Thomas Moran is well-known for his dynamic and stunning paintings of the Western landscape, with visibly active brushwork and a rich palette suggesting an American JMW Turner. The appeal of Moran’s work derives from his firsthand experience of the West, as he accompanied some of the first government-funded surveys of territories west of the Mississippi after the Civil War, including what is now Yellowstone National Park. These surveys not only charted unmapped terrain, they also tested new theories of geological development against the dramatic landscape forms of the West. This presentation will situate Moran’s work in relation to these efforts, in particular theories about the formation of the Grand Canyon put forward by John Wesley Powell in his survey of the Colorado River. Much of what is striking about Moran’s paintings can be connected to drawings he made to illustrate Powell’s unique ideas about how the Grand Canyon was created.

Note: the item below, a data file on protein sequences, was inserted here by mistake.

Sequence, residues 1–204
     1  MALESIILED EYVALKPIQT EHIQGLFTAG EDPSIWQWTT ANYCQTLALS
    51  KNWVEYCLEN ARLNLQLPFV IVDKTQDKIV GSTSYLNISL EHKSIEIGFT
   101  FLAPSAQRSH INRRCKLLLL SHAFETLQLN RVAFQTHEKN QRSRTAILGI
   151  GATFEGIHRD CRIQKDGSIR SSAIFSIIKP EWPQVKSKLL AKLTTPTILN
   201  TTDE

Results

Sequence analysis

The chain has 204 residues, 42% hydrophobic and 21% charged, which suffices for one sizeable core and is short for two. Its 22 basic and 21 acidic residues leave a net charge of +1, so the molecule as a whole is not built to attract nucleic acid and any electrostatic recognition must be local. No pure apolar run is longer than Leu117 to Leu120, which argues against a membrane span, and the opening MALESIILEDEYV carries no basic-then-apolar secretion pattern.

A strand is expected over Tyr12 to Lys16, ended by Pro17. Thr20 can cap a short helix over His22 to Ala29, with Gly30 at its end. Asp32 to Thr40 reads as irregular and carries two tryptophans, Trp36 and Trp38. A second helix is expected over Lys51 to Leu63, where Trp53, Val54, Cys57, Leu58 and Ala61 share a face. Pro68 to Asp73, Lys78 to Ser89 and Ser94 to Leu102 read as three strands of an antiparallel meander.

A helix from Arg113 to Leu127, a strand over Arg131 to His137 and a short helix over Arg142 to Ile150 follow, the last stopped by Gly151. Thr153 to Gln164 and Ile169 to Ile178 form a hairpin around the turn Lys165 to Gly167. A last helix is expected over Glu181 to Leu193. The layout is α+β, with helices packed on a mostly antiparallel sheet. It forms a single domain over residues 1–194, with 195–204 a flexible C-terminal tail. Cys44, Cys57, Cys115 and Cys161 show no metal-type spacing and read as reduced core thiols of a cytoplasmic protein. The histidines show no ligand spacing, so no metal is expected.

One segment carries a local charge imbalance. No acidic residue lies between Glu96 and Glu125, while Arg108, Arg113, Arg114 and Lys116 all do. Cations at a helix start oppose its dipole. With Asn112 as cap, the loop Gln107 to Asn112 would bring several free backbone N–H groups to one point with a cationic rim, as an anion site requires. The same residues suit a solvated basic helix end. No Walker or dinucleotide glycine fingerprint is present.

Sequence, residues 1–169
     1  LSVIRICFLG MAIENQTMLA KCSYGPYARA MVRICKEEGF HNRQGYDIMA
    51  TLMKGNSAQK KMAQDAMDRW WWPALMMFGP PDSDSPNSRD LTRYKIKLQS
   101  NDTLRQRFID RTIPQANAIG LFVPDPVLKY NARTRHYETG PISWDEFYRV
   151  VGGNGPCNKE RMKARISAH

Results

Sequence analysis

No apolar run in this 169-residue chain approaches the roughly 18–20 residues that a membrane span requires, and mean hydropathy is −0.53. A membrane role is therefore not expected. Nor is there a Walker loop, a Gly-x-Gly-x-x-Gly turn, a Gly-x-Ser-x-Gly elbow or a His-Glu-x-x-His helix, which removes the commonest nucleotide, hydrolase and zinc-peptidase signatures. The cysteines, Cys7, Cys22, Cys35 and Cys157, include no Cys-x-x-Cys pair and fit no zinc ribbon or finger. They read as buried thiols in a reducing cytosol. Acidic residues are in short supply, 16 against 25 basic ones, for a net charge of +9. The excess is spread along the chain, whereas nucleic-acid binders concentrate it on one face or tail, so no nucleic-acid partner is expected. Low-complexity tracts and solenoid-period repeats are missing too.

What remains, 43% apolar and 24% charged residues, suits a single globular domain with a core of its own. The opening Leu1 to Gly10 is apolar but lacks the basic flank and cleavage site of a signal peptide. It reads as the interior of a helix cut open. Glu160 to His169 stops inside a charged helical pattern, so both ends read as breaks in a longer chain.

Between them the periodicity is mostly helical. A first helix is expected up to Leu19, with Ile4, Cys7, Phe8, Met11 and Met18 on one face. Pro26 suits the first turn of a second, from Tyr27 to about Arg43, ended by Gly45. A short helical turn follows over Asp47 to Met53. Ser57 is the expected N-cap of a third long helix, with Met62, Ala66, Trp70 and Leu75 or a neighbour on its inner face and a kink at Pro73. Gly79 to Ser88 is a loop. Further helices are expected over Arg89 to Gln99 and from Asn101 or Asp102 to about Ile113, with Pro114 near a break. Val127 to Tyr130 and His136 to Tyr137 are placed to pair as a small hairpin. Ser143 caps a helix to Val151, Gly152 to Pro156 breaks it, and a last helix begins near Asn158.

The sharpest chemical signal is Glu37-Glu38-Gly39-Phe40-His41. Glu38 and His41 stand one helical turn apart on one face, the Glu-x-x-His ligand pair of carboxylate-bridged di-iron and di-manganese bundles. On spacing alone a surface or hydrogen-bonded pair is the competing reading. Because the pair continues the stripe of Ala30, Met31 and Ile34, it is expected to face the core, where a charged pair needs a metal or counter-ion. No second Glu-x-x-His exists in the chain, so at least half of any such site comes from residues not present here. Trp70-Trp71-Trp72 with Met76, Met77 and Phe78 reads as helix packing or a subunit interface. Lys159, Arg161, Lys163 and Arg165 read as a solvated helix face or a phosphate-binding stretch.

Matt Johnston is a professor at Lewis & Clark College in Portland, Oregon. He researches and writes about prints, science, and popular culture in the United States during the 1800s. Most recently he has written a book about landscape illustrations, new types of print materials, and Manifest Destiny: Narrating the Landscape: Print Culture and American Expansion in the Nineteenth Century (Oklahoma 2016).